Hanson worked with BAM Nuttall to develop the right mix

The carbon impact of the Network Rail project is reduced by two-thirds by the choice of concrete that is used to reinforce the new sea wall structure, it is claimed.

The rail line across the Dawlish sea front was washed away by a storm in February 2014. As part of the reconstruction, BAM Nuttall is building a new sea wall using Regen GGBS concrete supplied by Hanson UK.

The concrete uses ground granulated blast furnace slag (GGBS) – a waste by-product of steel manufacturing – to replace a large proportion of energy-intensive cement.

To date, construction of the second section of new sea wall has used 4,600 cubic metres of low carbon concrete, with around 4,500 cubic metres remaining to pour.

By using Regen GGBS concrete, the Dawlish project will have reduced the amount of carbon generated by this process by two-thirds and saved over 1,130 tonnes of carbon dioxide from entering the atmosphere in comparison to traditional concrete, it has been calculated.

Construction of the second section of sea wall is progressing well, the contractor says. Since work first began in November 2020, the piling has been completed and 126 of 143 concrete wall panels have been installed. The remaining wall panels will be installed by the end of the month and will be followed by the fitting of the curved wave returns on top of the wall panels.

This second section of sea wall is expected to take around two years to complete and once finished, this 415-metre section which stretches from Coastguard breakwater east of Dawlish station to Colonnade breakwater, will link up with the already completed first section of sea wall at Marine Parade.

Julie Gregory, Network Rail senior sponsor, said: “The nature of our changing climate means that the south Devon coast is increasingly subject to powerful storms. To protect the railway at Dawlish we need to build a robust sea wall that can withstand the worst weather that the English Channel can throw at it.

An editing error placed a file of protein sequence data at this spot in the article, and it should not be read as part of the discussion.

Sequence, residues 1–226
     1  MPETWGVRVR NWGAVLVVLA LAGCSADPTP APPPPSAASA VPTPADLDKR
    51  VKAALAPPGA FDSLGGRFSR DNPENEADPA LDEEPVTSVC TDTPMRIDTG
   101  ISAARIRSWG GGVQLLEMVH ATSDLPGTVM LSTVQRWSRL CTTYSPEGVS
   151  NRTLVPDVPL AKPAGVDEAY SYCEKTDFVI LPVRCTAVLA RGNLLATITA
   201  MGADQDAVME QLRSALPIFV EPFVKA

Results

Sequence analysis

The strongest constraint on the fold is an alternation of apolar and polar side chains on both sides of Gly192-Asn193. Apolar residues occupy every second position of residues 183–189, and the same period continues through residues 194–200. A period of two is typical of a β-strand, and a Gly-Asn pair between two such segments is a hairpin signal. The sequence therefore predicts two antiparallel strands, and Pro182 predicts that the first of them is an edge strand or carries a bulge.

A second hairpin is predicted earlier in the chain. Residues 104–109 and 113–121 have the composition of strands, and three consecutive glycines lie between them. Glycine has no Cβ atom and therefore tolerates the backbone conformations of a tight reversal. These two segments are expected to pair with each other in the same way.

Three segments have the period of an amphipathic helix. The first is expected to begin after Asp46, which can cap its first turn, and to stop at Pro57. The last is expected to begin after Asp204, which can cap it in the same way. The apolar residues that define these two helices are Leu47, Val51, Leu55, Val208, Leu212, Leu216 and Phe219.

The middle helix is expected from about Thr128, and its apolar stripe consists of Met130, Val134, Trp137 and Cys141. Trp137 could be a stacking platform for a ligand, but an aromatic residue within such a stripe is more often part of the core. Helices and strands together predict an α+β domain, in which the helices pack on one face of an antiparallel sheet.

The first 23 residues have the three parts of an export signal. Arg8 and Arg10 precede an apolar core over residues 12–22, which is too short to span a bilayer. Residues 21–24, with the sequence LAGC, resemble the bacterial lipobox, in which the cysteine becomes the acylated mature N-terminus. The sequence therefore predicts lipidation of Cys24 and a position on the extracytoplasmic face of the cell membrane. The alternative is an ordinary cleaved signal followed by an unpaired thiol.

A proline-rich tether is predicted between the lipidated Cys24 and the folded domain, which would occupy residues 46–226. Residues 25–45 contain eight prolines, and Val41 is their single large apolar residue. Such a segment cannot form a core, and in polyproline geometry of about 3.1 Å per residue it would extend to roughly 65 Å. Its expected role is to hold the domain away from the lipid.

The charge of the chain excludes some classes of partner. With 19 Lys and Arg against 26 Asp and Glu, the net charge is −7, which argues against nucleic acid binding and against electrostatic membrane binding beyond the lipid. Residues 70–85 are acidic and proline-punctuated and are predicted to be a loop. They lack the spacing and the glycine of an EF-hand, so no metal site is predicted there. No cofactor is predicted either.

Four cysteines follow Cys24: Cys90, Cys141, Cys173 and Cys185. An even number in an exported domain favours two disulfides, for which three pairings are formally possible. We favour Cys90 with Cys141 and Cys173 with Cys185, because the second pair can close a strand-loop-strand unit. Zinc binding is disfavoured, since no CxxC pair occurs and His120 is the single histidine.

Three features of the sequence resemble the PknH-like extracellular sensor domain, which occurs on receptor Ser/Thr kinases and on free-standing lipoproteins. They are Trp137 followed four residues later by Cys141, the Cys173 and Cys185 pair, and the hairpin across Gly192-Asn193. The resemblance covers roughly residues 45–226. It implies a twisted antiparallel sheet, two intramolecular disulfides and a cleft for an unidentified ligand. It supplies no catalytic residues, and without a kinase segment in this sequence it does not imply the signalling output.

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“It was important that we carefully considered how the project can limit its carbon footprint and reduce the chances of it contributing to further climate change, and we are delighted how BAM Nuttall are helping us achieve this by delivering this low carbon alternative to traditional concrete.”

BAM Nuttall site agent Jack Brookes said: “From the earliest phase of this project, we have considered how this scheme can limit its environmental impact without compromising the strength and resilience of the structure. The final design uses piles buried deep in the bedrock to create stability for the structure. Those piles are protected by prefabricated facing panels created off-site and reinforced by concrete poured in behind the visible section of wall.

“We identified Hanson’s low carbon concrete as an innovative product that could help us to reduce our carbon impact by two-thirds while retaining the strength of traditional concrete. We worked closely with Network Rail to ensure that the material is approved for use on Britain’s Railway and look forward to seeing it being used in more major civil engineering schemes.”

David Cullimore, area general manager for Hanson Concrete, said: “We have worked closely with BAM Nuttall to design a pumpable low carbon concrete which contained lower quantities of cement to help improve sustainability credentials while maintaining durability in aggressive conditions.

“The production of cement requires limestone to be heated to over 1,450 degrees Celsius, which makes it energy intensive to produce and creates carbon dioxide as a result of the production process. The low carbon concrete solutions on this job contain high levels of Regen GGBS, a by-product of steel making, as a replacement for some of the cement content, which reduces the CO2 emissions associated with the concrete.

“Working in partnership with BAM and Network Rail, we frequently overcame difficult logistical, technical and operational challenges created by pouring large amounts of high specification concrete up to 200 metres through the night in very short tidal windows.”

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